Opening the right concept in the right place at the right time won’t ensure success in the restaurant business. Add a talented, passionate chef the likes of Carla Pellegrino—who owns Bratalian in Henderson and recently got a divorce from Bacio at the Tropicana—and your chances suddenly go from very good to excellent.
We’re talking about Meatball Spot, a casual, breezy corner space just across from the Rave Cinemas in Town Square. The previous occupant, Nu Sanctuary, served a number of creative dishes in a bizarre, spiritually themed environment that seemed out of place for a shopping mall.
The appeal here is more visceral. Think variations in the key of meatball, pizza in the pan, a dozen or so salads and milkshakes topped with gobs of whipped cream—in short, just what millennials here to see Twilight and the James Bond extravaganza want for their postprandial cinema experience.
It’s priced right, too: $6.95 buys you three meatballs with your choice of sauce. There are six different kinds of meatballs from which to choose and six sauces. That makes 36 permutations. Whew!
In practice, I paired Carla’s classic meatball, a blend of beef, pork and veal with Romano cheese and fresh herbs similar to what she did while she was executive chef at Rao’s in Caesars, with her classic tomato sauce—a winning combination.
Later, I tried her dense vegetarian meatballs (think falafel for texture, Garden Burger for taste) with a delicate Parmesan cream sauce. Then came the best combination: beef blended with Pecorino cheese, paired with the house pesto. Less ambitious appetites also have the option to choose the meatball slider, a meatball on a brioche bun, or the Smash, two meatballs on a baguette, both topped with identical options for sauce.
Both salads and pizzas are available in half- or full-portion sizes. And believe me, this is a clever move as both are more than generous. The best salad among the dozen or so on the menu might be the baby arugula with Bosc pear, caramelized walnut and a crumble of gorgonzola. But the Tuscan bread salad, panzanella, gives it a run for the money.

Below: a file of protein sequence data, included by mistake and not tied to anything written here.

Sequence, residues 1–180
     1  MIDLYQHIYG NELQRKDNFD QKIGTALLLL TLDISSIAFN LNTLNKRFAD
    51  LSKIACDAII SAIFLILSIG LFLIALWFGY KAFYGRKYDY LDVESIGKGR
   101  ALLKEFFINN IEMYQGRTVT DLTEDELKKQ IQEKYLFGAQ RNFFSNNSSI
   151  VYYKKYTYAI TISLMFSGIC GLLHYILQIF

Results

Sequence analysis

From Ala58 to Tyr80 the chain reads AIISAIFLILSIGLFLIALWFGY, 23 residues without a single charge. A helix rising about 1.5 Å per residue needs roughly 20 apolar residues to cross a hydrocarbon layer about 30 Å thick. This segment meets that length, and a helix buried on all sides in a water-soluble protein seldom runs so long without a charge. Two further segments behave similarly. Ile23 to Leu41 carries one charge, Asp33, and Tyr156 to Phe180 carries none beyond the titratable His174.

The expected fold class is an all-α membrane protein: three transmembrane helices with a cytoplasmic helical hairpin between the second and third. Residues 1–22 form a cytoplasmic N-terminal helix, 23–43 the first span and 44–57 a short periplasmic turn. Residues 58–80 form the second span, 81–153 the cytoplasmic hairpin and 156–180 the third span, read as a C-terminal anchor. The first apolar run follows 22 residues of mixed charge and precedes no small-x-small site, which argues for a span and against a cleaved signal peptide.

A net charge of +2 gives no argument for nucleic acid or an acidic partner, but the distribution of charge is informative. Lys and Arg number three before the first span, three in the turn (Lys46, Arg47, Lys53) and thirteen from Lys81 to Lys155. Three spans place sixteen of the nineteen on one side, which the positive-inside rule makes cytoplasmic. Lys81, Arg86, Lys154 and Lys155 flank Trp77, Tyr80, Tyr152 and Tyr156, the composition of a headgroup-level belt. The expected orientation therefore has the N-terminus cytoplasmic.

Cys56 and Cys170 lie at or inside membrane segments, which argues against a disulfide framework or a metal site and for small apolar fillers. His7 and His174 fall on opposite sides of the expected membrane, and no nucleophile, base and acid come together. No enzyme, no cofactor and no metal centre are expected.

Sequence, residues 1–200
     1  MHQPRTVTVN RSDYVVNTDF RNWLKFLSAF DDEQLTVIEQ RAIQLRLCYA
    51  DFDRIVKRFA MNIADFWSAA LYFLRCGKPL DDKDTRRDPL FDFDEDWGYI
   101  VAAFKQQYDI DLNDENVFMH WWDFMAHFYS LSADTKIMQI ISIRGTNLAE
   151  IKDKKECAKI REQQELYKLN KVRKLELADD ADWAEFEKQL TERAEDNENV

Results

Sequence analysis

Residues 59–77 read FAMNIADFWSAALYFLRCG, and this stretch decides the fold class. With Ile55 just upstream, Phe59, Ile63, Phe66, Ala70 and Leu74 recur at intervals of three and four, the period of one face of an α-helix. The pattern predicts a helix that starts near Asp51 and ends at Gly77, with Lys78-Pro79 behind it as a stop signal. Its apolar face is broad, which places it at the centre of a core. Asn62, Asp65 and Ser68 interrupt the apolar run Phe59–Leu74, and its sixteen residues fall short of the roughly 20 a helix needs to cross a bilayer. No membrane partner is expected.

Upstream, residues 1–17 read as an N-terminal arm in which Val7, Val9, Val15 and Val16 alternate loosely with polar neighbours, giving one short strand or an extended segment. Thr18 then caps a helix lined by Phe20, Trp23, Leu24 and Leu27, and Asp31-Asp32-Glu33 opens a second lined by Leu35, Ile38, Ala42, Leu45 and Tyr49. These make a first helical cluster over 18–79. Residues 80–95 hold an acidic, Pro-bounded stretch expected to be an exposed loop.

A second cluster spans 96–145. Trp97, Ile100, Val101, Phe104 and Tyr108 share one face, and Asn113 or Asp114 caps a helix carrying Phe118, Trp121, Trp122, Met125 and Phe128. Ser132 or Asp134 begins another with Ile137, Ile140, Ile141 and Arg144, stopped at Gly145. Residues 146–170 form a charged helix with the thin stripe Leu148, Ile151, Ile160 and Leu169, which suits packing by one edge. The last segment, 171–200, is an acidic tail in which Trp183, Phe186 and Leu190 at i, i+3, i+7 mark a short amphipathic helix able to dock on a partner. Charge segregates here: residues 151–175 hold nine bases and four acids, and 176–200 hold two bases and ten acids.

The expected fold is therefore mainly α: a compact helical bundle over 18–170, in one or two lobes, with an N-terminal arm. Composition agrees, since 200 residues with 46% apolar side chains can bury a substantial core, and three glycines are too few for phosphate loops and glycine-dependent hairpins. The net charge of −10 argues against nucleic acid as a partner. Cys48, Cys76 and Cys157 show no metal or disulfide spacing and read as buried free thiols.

Pizzas are sensational—thin, crisp crusts, and toppings you choose from a long list. They’re also served Roman-style in a flat, metal tray. Three of us didn’t finish our half pizza with pepperoni and mushrooms, but hey, meatballs aren’t exactly appetizers.
For dessert, we tried Bananas Foster, a gourmet ice cream sandwich of two white chocolate macadamia-nut cookies with bananas Foster ice cream and white chocolate shavings, as well as the Birthday Cake milkshake, diabetic-coma sweet thanks to lots of cake pieces and rainbow sprinkles in the mix. In terms of calories per dollar, Meatball Spot is a deal and a half. Do we care?
Yes, we do, because this is quite an attractive place as well. There’s lots of rustic brick, whitewashed wood and exposed timber-frame walls in here, as well as pressed pewter and tin ceilings, aged hardwood flooring and the restaurant logo carved into bricks on a rear wall.
A patio, offering both indoor and outdoor seating, fronts the restaurant and is bordered with a white picket fence. I’m told the owners were striving for a homey look, which works if you are from Hoboken, N.J., I guess, or anywhere else where Grandma’s specialty is meatballs and pizza.
Speaking of Hoboken, that’s Sinatra on the sound system, and soul-king Al Green. That’s not quite what the millennials listen to, but no worries. The music gets younger at Meatball Spot as the evening grows older. So the concept seems safe, for the moment.